Forty eight organisations ranging from the TUC to Maternity Action have called on...read more
Some BBC staff may have been forced into the use of Personal Service Companies, often with detrimental effects, according to written evidence published by the Digital, Culture, Media and Sports Committee.
The Committee says it has evidence that journalists may have been forced to set up PSCs which mean they have lost out on employment rights and have faced liability for large tax bills.
Chair of the Committee Damian Collins MP, said: “It is highly disturbing to hear stories of talented broadcasters and journalists allegedly being forced on to contractual arrangements that have had serious and damaging consequences for them – not only on their financial circumstances but, in some cases, their mental health.”
The report comes after a BBC journalist was ordered to pay a tax bill of just under £420,000 when HMRC won a case against her for avoiding tax through disguised employment. She had used a personal services company to work on a freelance basis.
One female presenter who gave evidence to the Committee said she was forced to set up a PSC after going on maternity leave. She was then investigated by HMRC and ordered to pay tens of thousands of pounds of National Insurance Contributions which she says the BBC would have paid if she had been staff. She states: “During 18 years of continuous presenting I have had no staff benefits, no holiday pay, no sick pay, no maternity pay, and no BBC pension contributions. In 2015 the BBC said instead of paying me through a PSC, I had to have an OAT (On Air Talent) contract. I was told I had to accept a 12% cut for statutory benefits or 25% for BBC benefits. It was deal or not deal. I was threatened with losing my job and therefore my livelihood if I did not sign. During the same period, I asked for equal pay terms and conditions as male BBC co-presenters, who were staff, and doing the same job as me. I was not given them, and have not been to date.”
Another wrote of being forced to set up a PSC then made to go on short-term contracts when the IR35 issues sprang up. She was then told to go on PAYE, but with no employment rights and paid four thousands pounds less than another male colleague doing the same job. She reports that her mental health has suffered badly as a result. She writes: “I have always loved working for the BBC, but the way they have behaved has reduced me to more than tears.” She added that the stress was one factor which had recently led to her attempting suicide.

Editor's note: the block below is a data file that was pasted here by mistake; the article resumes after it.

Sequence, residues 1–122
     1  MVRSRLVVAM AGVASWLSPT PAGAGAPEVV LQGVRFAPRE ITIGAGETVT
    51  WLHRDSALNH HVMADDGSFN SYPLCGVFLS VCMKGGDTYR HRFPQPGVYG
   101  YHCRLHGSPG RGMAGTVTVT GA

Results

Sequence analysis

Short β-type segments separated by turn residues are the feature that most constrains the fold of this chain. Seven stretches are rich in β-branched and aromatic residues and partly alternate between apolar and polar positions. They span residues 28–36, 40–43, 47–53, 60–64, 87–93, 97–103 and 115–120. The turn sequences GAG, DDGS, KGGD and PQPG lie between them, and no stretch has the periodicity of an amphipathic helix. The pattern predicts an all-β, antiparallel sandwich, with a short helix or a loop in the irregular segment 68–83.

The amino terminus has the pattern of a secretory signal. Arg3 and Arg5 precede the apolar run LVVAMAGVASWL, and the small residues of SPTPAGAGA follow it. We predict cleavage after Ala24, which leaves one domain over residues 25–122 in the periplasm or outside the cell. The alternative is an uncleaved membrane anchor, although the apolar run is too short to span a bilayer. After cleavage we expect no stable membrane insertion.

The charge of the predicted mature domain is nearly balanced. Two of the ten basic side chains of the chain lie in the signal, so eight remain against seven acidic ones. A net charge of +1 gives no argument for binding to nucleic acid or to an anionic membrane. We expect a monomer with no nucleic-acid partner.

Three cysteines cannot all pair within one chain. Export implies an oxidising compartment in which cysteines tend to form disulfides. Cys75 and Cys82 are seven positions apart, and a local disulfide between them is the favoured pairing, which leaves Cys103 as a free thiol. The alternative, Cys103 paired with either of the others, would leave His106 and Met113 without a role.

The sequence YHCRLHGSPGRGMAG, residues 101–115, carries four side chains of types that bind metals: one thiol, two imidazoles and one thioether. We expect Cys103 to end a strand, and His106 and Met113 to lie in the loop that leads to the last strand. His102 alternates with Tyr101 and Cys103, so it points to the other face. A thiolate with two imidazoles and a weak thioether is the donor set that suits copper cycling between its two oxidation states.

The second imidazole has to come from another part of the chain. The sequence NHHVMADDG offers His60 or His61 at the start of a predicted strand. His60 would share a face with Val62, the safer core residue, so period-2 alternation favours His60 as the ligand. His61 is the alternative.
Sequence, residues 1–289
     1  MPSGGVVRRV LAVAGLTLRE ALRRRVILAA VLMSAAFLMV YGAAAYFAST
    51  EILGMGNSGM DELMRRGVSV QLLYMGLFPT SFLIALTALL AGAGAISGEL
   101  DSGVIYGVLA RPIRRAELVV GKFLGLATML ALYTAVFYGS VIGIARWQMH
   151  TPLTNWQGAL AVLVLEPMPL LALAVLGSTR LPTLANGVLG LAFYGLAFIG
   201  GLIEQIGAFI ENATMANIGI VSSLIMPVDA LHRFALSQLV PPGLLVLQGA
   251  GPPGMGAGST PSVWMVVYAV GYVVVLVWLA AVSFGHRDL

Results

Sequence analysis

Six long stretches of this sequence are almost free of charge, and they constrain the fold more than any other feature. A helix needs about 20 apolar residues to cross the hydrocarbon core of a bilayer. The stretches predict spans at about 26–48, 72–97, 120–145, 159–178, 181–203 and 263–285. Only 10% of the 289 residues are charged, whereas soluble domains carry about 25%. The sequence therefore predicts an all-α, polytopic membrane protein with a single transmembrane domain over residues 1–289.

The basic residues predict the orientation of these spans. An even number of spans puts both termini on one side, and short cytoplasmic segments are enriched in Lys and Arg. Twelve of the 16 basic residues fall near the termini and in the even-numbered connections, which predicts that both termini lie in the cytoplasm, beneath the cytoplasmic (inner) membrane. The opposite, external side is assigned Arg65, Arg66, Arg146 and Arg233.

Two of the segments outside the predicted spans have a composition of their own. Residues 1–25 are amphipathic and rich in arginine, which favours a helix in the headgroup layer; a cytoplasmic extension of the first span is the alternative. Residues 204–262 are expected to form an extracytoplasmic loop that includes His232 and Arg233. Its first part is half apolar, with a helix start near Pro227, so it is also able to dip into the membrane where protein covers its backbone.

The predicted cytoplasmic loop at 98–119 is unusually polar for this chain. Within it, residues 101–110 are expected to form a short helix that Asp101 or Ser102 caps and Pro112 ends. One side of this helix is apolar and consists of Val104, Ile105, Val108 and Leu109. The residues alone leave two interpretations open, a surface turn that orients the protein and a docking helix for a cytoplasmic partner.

Collins said: “This evidence indicates that the BBC is falling well below the standards we would expect in terms of how it treats its staff. It is disappointing that BBC management are not coming in person to answers questions on their handling of these contracts. Following the evidence hearing on Tuesday, I will be writing to the Director General, Lord Hall, seeking answers to a series of written questions related to our strong concerns about the use of PSCs.”
Andrew Chamberlain, Deputy Director of Policy and Public Affairs at freelance organisation IPSE, said: We’ve been trying to cram modern working practices into a rapidly aging tax system, and the cracks are starting to show.
“The UK tax system is no longer fit for purpose, it’s based on an outdated principle that all income tax payers are employers or employees, which they are not.
“There are now 4.8 million self-employed people in the UK, representing 14% of the workforce. This is not a peripheral group, this is a significant pillar of our economy.
“IPSE has been calling strongly for a comprehensive review for some time now. The review should be chaired by an independent expert, and should make recommendations aimed at making simplifications for taxpayers.”